Aetolia


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Ae·to·li·a

 (ē-tō′lē-ə, -tōl′yə)
An ancient region of central Greece north of the gulfs of Corinth and Patras. In the fourth century bc it formed the Aetolian League, a military confederation that rivaled Achaea and Macedon before falling under Roman domination in the second century.

Ae·to′li·an adj. & n.

Aetolia

(iːˈtəʊlɪə)
n
(Placename) a mountainous region forming (with the region of Acarnania) a department of W central Greece, north of the Gulf of Patras: a powerful federal state in the 3rd century bc. Chief city: Missolonghi. Pop (with Acarnania): 219 092 (2001). Area: 5461 sq km (2108 sq miles)

Ae•to•li•a

(iˈtoʊ li ə)

n.
a region in W central Greece.
Ae•to′li•an, adj., n.
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References in classic literature ?
As he was leaving the body, Thoas of Aetolia struck him in the chest near the nipple, and the point fixed itself in his lungs.
Hesiod said that they were sons of Aloeus, -- called so after him, -- and of Iphimedea, but in reality sons of Poseidon and Iphimedea, and that Alus a city of Aetolia was founded by their father.
The subject of the contract is the supply of liquid fuels (unleaded petrol cpv: 09132100-4 & cpv: 09134100-8) for the needs of the aetolia police directorate services for the year 2018, namely eur 88 916,13 for unleaded petrol and 51 903,23 eur for diesel fuel excluding vat 24%.
Vexed by hostile neighbours, harried by Roman commissions, put continually on his defence before the Senate, and forced to surrender his conquests in Thessaly, AEtolia and Thrace, he stiffed his resentment, and cloaking his purpuse with submission, resolutely prepared for a defensive struggle (How & Leigh, 1896: 273-274 (12))
The metope from the temple at Thermon in Aetolia, dated to c.
The Byzantine grammarian John Tzetzes wrote that "Under the royal patronage of Ptolemy Philadelphus, Alexander of Aetolia edited the books of tragedy, Lycophron of Chalcis those of comedy, and Zenodotus of Ephesus those of Homer and the other poets" (Tzetzes, 1952, pp.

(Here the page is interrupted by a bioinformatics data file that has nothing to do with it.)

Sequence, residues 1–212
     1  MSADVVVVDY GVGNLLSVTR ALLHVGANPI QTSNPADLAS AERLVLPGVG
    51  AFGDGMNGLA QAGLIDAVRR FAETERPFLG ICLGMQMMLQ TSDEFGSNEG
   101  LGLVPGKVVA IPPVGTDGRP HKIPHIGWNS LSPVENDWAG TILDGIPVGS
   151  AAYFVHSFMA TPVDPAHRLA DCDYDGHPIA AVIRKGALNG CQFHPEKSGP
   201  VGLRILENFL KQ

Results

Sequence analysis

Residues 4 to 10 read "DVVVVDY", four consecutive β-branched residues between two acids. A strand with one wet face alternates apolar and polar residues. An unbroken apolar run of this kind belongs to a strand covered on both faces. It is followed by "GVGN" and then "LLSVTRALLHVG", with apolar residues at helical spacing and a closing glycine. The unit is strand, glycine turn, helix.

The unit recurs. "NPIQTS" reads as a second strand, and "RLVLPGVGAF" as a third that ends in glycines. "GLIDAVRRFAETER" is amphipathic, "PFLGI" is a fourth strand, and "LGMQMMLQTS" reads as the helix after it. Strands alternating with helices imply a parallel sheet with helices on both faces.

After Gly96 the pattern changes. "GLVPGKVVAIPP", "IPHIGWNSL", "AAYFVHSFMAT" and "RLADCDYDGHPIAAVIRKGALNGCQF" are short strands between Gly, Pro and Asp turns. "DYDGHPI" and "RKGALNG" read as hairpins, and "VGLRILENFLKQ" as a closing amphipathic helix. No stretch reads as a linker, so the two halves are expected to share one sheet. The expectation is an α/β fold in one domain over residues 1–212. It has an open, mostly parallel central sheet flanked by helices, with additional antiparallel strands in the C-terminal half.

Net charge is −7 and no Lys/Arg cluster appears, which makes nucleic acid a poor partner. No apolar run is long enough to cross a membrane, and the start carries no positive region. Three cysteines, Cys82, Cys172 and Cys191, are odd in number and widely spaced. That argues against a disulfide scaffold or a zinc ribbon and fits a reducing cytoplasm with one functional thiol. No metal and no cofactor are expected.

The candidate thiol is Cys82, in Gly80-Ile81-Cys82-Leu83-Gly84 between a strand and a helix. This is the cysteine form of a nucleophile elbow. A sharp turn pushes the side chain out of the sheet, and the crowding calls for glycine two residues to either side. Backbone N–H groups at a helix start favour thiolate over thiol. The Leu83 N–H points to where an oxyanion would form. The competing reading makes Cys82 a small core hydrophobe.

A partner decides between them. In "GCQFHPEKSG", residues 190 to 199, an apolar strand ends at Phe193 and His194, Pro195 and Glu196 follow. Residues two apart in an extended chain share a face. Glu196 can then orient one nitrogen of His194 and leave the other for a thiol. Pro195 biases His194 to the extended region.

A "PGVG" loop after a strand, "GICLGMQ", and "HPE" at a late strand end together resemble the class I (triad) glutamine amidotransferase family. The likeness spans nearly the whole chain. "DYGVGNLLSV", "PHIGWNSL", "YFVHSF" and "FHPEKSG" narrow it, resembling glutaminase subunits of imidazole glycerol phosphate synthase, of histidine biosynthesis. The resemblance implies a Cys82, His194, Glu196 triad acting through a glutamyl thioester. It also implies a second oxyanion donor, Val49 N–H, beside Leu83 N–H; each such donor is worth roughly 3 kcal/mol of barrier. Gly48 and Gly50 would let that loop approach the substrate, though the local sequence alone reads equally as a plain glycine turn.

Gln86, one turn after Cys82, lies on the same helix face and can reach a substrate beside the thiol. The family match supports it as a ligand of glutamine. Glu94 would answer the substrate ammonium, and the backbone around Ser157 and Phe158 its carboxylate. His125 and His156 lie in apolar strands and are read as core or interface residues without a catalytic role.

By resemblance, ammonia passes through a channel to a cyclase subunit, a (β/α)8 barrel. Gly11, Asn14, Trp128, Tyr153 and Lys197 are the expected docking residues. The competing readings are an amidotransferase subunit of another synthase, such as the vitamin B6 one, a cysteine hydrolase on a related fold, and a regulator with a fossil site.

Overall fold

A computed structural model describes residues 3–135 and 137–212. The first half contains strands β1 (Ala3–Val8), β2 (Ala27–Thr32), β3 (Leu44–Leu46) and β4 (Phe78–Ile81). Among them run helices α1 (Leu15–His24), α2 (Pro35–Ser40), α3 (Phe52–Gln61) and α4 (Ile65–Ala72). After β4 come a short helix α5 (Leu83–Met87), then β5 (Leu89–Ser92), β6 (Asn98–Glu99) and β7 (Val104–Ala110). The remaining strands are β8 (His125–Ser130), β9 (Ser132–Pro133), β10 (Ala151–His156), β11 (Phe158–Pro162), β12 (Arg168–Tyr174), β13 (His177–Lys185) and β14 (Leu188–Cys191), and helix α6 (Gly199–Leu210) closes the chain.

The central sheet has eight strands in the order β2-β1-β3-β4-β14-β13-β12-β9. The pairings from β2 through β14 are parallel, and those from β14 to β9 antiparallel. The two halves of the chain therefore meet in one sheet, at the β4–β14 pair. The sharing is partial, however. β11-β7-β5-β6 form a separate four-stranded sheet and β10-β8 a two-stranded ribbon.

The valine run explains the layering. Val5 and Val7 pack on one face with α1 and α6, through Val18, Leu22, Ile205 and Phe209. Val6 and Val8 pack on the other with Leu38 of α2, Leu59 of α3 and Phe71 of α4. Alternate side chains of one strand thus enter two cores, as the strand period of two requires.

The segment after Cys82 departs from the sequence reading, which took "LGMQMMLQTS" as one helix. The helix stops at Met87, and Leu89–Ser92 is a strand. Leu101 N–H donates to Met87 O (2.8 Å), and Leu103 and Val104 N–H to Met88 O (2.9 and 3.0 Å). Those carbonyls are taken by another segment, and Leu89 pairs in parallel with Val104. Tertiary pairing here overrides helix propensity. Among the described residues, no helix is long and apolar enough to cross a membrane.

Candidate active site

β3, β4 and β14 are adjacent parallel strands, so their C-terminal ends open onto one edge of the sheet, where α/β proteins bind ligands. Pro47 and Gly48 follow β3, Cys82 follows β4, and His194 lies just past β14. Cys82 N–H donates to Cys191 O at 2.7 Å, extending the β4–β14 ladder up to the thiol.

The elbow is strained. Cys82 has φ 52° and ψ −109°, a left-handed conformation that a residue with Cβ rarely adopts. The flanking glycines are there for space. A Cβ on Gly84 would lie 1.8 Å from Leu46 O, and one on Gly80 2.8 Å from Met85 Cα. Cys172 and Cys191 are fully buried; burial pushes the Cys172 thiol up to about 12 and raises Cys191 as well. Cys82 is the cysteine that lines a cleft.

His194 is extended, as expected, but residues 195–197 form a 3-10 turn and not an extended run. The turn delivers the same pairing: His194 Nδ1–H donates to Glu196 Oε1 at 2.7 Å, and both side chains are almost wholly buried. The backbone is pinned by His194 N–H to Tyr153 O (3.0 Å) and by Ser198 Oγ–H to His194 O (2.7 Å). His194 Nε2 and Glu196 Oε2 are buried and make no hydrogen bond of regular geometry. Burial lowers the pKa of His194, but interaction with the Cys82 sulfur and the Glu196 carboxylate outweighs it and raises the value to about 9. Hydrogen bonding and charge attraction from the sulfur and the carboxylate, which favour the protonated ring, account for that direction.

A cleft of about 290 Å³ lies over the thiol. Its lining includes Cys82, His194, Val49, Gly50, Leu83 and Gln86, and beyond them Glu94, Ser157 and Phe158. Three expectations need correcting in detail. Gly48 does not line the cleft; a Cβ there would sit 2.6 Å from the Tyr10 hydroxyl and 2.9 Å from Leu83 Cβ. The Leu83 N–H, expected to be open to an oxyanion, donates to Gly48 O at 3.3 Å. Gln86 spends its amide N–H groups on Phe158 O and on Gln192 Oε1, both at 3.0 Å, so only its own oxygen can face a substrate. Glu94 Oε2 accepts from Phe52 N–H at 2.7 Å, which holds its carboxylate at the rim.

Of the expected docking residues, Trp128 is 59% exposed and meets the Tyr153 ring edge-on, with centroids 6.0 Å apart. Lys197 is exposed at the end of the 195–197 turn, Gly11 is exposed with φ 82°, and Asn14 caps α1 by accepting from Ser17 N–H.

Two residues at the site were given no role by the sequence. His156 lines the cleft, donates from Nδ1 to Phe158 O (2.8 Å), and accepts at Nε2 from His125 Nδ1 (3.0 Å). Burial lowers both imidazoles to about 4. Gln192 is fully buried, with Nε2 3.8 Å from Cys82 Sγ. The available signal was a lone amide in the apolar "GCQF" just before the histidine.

These are two little Towns, built like Venice upon little Iflands, in the Shallows of the Sea, near the Shore of the ancient Aetolia.
made an expedition into Aetolia and sacked Old Pleuron; its inhabitants guarded against the recurrence of the mishap by establishing themselves in a less exposed situation"; Fiechter 1931, p.
And even to the present day the Thracians, Illyrians, and Epeirotes live on the flanks of the Greeks (though this was still more the case formerly than now); indeed most of the country that at the present time is indisputably Greece is held by the barbarians - Macedonia and certain parts of Thessaly by the Thracians, and the parts above Acarnania and Aetolia by the Threspoti, the Cassopaei, the Amphilochi, the Molossi, and the Athamanes -- Epeirotic tribes.
Hecataeus' Genealogiai related, for example, that Orestheus, the son of Deucalion, was the king of Aetolia and listed his descendants for three generations down to Aetolus, the eponymous hero of the region.
The striking difference in this case is that Pausanias three times refers to Aetolia or Aetolians: for Xenophon these are Achaeans.